Background: Femoroacetabular impingement (FAI) is one of the most common causes of early cartilage and labral damage in the nondysplastic hip. Biomarkers of cartilage degradation and inflammation are associated with osteoarthritis. It was not known whether patients with FAI have elevated levels of biomarkers of cartilage degradation and inflammation.
Hypothesis: Compared with athletes without FAI, athletes with FAI would have elevated levels of the inflammatory C-reactive protein (CRP) and cartilage oligomeric matrix protein (COMP), a cartilage degradation marker.
Study design: Controlled laboratory study.
Methods: Male athletes with radiographically confirmed FAI (n = 10) were compared with male athletes with radiographically normal hips with no evidence of FAI or hip dysplasia (n = 19). Plasma levels of COMP and CRP were measured, and subjects also completed the Short Form-12 (SF-12) and Hip Disability and Osteoarthritis Outcome Score (HOOS) surveys.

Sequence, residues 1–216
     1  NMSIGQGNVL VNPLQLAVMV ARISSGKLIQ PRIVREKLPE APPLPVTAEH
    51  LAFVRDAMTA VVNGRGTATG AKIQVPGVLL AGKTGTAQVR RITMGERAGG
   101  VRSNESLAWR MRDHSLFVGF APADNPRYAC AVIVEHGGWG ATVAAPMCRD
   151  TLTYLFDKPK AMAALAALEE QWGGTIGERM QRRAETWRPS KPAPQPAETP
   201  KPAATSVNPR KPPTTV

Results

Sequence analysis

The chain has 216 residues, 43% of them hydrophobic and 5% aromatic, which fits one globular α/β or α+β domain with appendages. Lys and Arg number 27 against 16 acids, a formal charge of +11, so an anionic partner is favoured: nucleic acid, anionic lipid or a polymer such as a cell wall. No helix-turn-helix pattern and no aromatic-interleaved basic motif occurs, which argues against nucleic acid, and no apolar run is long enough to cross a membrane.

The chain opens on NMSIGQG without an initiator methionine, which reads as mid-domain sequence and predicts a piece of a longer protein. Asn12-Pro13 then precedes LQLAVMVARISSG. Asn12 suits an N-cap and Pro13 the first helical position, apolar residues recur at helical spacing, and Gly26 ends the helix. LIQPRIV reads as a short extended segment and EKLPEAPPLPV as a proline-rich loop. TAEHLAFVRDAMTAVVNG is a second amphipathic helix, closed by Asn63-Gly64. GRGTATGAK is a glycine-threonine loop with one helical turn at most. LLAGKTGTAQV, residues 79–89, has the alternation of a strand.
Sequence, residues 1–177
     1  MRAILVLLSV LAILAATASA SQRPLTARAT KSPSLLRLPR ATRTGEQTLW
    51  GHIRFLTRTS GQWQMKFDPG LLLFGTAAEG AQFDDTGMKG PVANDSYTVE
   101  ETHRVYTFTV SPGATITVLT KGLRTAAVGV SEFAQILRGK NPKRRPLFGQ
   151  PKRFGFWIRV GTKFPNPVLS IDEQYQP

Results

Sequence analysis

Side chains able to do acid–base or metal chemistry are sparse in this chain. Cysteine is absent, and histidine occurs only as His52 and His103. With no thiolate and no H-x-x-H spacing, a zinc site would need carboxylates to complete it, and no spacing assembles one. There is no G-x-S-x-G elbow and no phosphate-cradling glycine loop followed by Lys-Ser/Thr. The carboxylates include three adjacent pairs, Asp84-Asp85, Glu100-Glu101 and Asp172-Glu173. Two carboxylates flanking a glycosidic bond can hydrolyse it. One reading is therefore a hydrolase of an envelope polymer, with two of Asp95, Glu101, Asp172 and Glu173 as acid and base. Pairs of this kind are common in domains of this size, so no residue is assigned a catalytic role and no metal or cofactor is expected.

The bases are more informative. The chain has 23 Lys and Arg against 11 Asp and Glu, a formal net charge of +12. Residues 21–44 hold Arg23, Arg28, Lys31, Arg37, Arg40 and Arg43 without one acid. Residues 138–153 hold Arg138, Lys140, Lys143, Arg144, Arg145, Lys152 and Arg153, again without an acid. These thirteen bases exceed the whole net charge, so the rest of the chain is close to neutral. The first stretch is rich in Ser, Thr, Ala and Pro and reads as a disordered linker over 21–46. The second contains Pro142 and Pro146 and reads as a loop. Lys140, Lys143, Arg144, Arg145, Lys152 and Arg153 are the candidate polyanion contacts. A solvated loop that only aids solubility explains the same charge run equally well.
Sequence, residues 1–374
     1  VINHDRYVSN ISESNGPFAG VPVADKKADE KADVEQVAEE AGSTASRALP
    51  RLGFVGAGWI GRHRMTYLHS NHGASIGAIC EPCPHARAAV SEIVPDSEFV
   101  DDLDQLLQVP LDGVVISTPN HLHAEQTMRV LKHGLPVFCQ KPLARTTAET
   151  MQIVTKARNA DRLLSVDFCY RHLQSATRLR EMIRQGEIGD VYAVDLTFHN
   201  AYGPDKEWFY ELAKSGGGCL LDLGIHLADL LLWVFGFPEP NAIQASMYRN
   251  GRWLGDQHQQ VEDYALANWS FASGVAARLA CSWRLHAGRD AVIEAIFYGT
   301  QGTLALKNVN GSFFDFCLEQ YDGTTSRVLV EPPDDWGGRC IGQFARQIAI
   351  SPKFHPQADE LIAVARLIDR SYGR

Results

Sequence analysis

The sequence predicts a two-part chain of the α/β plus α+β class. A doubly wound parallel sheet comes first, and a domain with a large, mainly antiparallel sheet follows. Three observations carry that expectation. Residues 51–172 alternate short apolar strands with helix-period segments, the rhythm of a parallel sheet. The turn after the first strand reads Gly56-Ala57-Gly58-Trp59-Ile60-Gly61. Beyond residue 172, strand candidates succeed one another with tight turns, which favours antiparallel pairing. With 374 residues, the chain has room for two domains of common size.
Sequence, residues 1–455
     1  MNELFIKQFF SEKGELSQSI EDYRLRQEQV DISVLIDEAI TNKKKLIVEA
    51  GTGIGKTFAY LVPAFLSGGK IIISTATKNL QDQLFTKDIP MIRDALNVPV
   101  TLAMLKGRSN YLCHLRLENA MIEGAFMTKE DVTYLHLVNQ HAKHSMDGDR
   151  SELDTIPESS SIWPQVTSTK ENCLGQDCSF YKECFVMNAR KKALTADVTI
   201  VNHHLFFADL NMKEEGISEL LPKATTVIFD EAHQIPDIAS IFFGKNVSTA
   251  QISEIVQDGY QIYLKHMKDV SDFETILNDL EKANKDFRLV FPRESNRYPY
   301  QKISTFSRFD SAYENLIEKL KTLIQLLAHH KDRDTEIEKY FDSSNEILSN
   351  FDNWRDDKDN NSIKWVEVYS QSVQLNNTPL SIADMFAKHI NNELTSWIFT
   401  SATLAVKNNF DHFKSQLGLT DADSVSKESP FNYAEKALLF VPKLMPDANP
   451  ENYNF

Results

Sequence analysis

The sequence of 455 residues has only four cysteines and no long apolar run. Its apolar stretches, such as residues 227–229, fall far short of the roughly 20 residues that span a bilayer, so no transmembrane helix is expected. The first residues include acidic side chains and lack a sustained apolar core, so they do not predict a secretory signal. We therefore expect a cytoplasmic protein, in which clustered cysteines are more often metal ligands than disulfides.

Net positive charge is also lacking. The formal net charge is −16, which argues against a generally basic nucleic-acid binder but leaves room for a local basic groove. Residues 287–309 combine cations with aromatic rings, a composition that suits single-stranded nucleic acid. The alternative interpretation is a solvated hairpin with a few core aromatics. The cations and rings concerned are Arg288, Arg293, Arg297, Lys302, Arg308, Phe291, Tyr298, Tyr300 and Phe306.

Results: Compared with controls, athletes with FAI had a 24% increase in COMP levels and a 276% increase in CRP levels as well as a 22% decrease in SF-12 physical component scores and decreases in all of the HOOS subscale scores.
Conclusion: Athletes with FAI demonstrate early biochemical signs of increased cartilage turnover and systemic inflammation.
Clinical relevance: Chondral injury secondary to the repetitive microtrauma of FAI might be reliably detected with biomarkers. In the future, these biomarkers might be used as screening tools to identify at-risk patients and assess the efficacy of therapeutic interventions such as hip preservation surgery in altering the natural history and progression to osteoarthritis.
Keywords: C-reactive protein; HOOS; SF-12; cartilage oligomeric matrix protein; osteoarthritis.